Python for Engineers I - Intro

Published in Programming

This is the first in a series about using the Python programming language in a mechanical engineering setting. In this installment, we will look at the basics of the language and how to install Python and run programs. This article and series will be primarily for Windows since that is what most regular users and engineers will use.

Why Python?

There are numerous programming languages out there and many such ones for scientific programming. These include C/C++, Matlab, FORTRAN, R, and others. Why Python then? Well, the two main advantages to the engineer are 1) readability of code, and 2) versatility.

Python has a very readable syntax. Its syntax is based on indentation instead of delimiters such as semi-colons and curly braces. This results in much more readable code. It also has very minimal overhead – all you need is a text editor and a version of Python installed.

Because Python is a general purpose programming language, it can be used in a variety of applications. It comes with a standard library that is itself extensive. But, it can also be extended to do even more things. There are a great many packages written by others that allow for much more functionality – PyPi is Python’s own place to host these packages, at This gives the user great versatility in developing programs. This is where I believe it shines when compared to more specific languages such as Matlab or R. (For example, packages exist that allow for the manipulation of Excel files – something that would more traditionally be done with Visual Basic.) The main benefit here is that many things can be done with a single language, which allows the engineer to not have to learn anything else – being a supplementary tool to engineering work, this is a big advantage.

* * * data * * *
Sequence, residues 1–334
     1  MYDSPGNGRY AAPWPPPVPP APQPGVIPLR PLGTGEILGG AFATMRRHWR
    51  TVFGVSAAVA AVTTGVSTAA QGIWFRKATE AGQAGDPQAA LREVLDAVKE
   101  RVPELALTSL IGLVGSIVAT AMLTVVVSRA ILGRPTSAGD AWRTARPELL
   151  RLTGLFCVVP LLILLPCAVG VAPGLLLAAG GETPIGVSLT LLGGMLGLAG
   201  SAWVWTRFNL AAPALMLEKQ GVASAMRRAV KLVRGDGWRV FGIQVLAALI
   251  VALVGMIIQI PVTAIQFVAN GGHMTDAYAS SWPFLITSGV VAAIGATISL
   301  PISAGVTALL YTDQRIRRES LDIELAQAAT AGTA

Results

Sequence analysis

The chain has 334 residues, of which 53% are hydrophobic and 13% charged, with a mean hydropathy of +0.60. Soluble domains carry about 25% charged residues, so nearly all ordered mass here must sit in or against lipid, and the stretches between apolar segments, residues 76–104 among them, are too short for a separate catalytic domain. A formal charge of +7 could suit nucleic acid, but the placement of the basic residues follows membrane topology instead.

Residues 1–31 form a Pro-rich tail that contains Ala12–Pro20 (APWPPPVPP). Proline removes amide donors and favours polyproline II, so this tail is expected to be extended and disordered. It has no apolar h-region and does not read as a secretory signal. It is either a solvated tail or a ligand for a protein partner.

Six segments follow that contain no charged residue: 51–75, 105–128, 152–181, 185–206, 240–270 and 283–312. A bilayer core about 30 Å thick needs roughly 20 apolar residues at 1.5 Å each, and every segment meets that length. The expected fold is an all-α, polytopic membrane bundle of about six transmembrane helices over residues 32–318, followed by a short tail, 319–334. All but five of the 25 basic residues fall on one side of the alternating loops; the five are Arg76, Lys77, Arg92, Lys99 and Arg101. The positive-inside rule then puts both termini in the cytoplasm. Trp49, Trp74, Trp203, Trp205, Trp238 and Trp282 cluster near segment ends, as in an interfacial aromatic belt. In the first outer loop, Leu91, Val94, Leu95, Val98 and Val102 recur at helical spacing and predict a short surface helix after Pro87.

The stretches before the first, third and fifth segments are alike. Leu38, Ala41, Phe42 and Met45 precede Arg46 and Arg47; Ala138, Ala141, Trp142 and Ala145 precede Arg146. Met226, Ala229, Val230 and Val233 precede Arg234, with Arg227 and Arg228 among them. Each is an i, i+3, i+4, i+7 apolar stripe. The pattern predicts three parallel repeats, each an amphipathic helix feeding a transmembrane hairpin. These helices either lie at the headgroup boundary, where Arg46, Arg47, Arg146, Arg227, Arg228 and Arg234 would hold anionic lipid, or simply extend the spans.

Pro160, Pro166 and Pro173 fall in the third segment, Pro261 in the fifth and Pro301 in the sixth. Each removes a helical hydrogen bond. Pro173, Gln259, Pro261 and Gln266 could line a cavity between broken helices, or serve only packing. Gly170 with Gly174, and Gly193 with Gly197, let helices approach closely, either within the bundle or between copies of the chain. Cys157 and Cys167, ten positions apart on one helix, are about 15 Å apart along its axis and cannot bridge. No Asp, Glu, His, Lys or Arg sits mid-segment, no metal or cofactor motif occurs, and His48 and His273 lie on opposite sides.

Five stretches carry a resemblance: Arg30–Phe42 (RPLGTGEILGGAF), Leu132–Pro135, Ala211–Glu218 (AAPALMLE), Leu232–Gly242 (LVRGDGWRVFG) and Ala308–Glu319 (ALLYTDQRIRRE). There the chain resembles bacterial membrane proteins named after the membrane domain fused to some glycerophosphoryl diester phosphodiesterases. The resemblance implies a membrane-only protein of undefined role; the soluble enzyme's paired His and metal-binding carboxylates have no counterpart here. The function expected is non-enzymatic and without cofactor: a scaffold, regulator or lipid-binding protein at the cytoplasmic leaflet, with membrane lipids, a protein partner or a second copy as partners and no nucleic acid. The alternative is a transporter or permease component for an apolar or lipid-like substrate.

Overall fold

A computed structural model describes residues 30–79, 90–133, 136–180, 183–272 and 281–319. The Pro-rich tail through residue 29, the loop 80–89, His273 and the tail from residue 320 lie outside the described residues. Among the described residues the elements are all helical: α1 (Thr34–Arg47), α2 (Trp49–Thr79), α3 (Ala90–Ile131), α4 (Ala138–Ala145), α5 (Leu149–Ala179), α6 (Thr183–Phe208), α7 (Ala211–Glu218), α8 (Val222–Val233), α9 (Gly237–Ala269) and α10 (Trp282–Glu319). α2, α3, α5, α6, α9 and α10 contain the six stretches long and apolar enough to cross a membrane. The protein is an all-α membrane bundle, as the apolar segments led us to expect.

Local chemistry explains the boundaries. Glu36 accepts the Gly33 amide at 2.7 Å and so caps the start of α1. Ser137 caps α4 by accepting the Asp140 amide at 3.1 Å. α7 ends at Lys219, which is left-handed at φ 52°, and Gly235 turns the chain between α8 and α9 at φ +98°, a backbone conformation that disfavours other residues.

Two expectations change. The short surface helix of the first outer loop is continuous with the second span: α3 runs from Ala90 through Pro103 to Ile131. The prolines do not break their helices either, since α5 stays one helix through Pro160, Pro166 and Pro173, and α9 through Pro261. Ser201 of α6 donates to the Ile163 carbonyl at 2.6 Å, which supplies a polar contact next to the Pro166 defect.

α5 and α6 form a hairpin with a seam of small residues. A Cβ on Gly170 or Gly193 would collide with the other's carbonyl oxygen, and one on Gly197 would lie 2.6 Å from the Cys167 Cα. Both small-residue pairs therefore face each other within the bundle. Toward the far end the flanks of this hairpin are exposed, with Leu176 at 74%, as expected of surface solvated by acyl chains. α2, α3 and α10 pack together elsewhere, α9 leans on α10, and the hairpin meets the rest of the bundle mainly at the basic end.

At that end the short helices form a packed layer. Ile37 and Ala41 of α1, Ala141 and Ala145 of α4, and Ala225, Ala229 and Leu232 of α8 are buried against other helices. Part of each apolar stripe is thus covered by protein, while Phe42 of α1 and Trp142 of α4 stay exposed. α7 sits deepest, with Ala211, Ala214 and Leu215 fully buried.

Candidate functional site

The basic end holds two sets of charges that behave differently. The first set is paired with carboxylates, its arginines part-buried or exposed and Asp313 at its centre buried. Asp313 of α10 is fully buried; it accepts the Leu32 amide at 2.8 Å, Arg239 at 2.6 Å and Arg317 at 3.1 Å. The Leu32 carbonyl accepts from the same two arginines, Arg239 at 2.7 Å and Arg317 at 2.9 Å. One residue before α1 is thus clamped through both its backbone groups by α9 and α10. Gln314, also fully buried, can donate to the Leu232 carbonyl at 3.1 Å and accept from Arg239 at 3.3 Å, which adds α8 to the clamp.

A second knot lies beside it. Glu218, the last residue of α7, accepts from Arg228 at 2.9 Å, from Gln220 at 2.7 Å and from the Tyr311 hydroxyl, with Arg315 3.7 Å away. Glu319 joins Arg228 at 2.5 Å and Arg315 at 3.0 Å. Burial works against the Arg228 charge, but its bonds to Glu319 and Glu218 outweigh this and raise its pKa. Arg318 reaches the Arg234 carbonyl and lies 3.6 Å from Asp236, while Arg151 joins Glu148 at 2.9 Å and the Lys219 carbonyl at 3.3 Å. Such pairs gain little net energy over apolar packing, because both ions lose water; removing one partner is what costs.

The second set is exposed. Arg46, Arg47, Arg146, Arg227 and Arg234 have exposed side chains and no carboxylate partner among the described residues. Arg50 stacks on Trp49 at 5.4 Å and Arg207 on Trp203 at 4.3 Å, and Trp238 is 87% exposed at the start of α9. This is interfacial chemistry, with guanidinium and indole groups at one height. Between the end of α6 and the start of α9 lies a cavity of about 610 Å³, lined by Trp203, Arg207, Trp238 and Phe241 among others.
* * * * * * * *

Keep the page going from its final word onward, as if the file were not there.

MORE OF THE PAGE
Installation And Interpreter Access

Python can be installed either globally using the standard Python installer from or as part of separate, bundled packages. The Python interpreter allows commands to be entered and a result returned.

To download and install Python this way visit and click on the appropriate download link:

With this method, Python is registered with the system and is available through the command line/Run utility:

Packaged Installers

The other option for installation is using a packaged distribution. Since Python is open source, others have integrated Python with additional programs such as integrated development environments (IDE’s) in order to simplify installation and setup and enhance workflows. Popular options for engineers in this route include WinPython, Pyzo, and Anaconda. Each of these includes one or more IDE’s and a Python installation along with either a set of pre-installed packages or a package manager to easily obtain more packages at a later time.